The Workshop Screen 6 articles

The Workshop


The Workshop Poster
  • The boldness of The Workshop inheres, paradoxically, in its reluctance to sensationalize at stylistic or narrative levels, at least up to a point. . . . That said, the movie strands itself between its desire to provoke and its refusal of hyperbole, withholding coherent perspectives on the urgent subjects it broaches. A welcome demonstration of nerve becomes a failure of one, its psychosexual politics vaguer and smaller than its earlier, edgier scrum over civic values and intramural violence.

  • A picture that seems modest on the surface but builds to a tense simmer, addressing, in an understated but affecting way, the insidious political tensions currently tearing at France... Cantet's picture is a stirring humanist work, one that offers no easy answers.

  • Both “The Workshop” and “Beats Per Minute” are heartfelt, deeply political talkathons from France.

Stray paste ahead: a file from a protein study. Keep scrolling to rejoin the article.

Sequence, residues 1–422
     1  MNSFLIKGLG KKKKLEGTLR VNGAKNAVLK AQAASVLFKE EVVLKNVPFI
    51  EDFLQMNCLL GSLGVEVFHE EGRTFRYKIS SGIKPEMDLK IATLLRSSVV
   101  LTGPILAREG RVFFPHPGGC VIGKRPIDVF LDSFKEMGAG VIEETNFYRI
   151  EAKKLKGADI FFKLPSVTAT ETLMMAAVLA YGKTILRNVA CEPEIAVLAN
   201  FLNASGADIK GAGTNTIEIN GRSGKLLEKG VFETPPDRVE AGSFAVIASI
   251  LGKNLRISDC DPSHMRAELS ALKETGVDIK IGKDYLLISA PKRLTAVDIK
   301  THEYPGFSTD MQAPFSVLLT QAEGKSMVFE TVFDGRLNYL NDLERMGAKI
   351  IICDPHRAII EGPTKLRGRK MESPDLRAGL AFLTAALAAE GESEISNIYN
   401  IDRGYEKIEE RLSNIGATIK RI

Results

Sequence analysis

• Tackling once again the burning topics of the day - in this case France at political and demographic crossroads - with subtle intelligence and a profoundly humanistic touch, Laurent Cantet (The Class) delivers a film that may be difficult to classify in generic terms, but should connect strongly with the arthouse and festival crowds that have admired his previous work.

  • As The Workshop progresses, it moves from a first act reminiscent of The Class in a more picturesque location, to something closer to Time Out and Cantet’s breakthrough Human Resources, turning into a thriller where the characters are motivated by conditions of class as much as they are by something unexplainable they carry deep down inside.

  • What L’Atelier does best is the same as which made The Class sing: it’s a film which demonstrates that debate, the exchange of ideas, can be as thrilling as any ramped up action flick... A final act steps away from the bracing workshop environment and into more conventional genre territory; and the picture loses some of its crackling energy at that point.

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